I went downstairs, more angry than hungry. It was almost noon. Where was that trucking company with my chandelier?—well past their deadline. I called and got an exhaustive recording. When it was my turn to speak, I practically screeched: “You’re supposed to be here a half hour ago. I’ve been up all night and I have a gazillion things to do today! Considering the monumental shipping fee, the least you could do is be on time.” That’s paraphrasing, and as I recall, it may be nicer than what I actually said.
After eating some oatmeal, I finally got an upbeat call from the truck driver. “Hey there! We’re running late, and won’t be there until four.” Not even an apology.
“Four!” I was having none of his joie de vivre. “You were supposed to be here at eight-thirty! Do you think I’ve got nothing better to do than wait on you? I expect a refund on this ridiculous delivery charge. You’d better be right on the money at four.” And I hung up.
I went back upstairs and made one final pass for my lost manuscript and documents. Nothing anywhere. Except now, instead of showing today’s date of 9/11, it showed 6/26. Forget it. I need some shut eye. That editor’s not sitting by her computer waiting for my manuscript anyway.
My stomach was doing karate kicks and consequently I couldn’t snooze. By then, it was about 2 PM, a ridiculous time to sleep anyway. So I laid there peacefully until the phone jarred me.
“We’ll be there at 10 minutes until four,” the truck driver said.
“Four! You said four.” I surely made my point.
It was 3 PM and I hadn’t showered. I decided to take a bath. Of course, the obvious happens.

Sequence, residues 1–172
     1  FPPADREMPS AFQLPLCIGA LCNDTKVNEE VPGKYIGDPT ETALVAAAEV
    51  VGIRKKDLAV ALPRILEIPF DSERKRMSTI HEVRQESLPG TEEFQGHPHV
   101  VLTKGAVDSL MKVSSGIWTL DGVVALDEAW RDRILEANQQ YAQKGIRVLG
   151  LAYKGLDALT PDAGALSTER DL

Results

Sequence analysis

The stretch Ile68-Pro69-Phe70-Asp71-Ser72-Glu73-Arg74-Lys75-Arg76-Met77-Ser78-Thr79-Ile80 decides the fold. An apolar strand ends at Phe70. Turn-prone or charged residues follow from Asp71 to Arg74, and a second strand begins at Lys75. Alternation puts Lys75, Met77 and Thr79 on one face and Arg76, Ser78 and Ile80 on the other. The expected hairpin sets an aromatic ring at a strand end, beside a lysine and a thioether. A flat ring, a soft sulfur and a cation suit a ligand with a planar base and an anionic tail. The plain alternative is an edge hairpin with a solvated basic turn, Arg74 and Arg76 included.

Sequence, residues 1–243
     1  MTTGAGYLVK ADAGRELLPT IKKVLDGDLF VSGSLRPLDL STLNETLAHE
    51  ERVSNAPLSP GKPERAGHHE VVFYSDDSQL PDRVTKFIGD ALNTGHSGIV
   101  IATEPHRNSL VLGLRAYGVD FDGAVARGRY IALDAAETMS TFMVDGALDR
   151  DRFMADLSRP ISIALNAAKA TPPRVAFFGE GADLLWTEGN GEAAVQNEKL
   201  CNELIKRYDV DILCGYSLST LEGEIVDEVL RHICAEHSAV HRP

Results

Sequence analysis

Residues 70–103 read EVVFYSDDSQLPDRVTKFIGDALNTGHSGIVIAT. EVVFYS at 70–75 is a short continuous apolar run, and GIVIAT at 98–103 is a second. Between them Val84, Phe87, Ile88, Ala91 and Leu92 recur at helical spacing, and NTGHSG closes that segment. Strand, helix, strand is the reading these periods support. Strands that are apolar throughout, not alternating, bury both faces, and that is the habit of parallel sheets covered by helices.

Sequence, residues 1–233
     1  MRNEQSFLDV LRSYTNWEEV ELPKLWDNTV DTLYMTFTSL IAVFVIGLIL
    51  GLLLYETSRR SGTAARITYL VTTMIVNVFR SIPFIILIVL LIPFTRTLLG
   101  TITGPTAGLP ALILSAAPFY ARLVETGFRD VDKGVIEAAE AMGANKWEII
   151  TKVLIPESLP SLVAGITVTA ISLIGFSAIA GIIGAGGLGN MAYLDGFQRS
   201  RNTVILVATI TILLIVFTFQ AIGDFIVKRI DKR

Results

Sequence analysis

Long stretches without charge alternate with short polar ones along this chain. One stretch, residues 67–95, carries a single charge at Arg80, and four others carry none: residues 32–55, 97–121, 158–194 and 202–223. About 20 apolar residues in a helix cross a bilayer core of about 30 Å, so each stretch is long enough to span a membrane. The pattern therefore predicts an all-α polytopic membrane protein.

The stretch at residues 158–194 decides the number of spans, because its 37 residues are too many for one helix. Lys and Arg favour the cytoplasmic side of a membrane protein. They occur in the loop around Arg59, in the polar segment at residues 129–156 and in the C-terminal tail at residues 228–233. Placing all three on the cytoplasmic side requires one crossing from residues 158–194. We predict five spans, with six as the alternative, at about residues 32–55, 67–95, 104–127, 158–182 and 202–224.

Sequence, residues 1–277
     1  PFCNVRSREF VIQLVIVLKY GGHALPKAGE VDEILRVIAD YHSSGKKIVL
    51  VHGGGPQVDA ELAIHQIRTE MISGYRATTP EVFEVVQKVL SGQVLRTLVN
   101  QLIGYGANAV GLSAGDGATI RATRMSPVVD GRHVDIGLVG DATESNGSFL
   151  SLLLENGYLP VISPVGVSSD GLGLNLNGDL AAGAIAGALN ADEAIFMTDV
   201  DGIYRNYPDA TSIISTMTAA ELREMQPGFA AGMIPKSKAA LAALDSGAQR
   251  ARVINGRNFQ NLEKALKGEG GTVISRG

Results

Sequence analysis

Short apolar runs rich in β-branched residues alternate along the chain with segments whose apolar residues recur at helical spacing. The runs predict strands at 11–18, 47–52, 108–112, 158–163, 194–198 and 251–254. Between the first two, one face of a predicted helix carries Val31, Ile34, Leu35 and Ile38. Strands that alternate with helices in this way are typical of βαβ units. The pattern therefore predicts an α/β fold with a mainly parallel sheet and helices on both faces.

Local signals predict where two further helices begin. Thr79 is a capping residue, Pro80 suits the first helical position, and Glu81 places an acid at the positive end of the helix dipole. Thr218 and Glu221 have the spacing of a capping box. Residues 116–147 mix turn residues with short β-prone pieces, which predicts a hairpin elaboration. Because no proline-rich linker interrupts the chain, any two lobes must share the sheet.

As I was getting out of the tub, the doorbell rang. I moved slowly, drying my arms and legs, searching for clothes, and throwing on jeans and a blouse. Finally, I sauntered down the stairs.
“Got your delivery,” the man said smiling when I opened the door.
“Take it around to the garage.”
Before I could shut the door, he said, “Will you open it for us?”
Somewhere between the front and the garage door, I felt a pang across my backside and the sting of a still, quiet voice. “Karyn, this may be a test. Do you really think you’re representing Me well today?”
My eyes teared. As I opened the garage door, to see a perfectly beautiful day, I remembered what many people were doing on this forever date: reliving America’s worst nightmare, when the war on terror hit American soil in the form of three airplanes, and 3,000 people died. I felt completely ashamed.
Two very large men stood at the end of the garage open door with downcast, puppy dog eyes. Lambs before the wolf. What a jerk I was. “Guys, I’m really sorry, my problem isn’t with you. I’ve had a bad day.”
I’m sure they could tell. My sopping wet hair plastered around my brick red face and tears filled my eyelids. I looked like a reality show refugee from “America’s most Undesirable.” After depositing my very large package, they handed me a signature form timidly, which I of course signed.
So, no, terrorists aren’t my biggest fear, nor is losing my essay for a class. Or even losing the latest manuscript for a book I’ve worked on for years. My biggest fear lies in the black and grey shadows of my soul and how quickly a bad day can color me ugly. Can overwhelm the person I’ve worked so hard to become. A person God may love, but no one can see the love of God in. Forgive me Lord. And thank you that tomorrow is another day.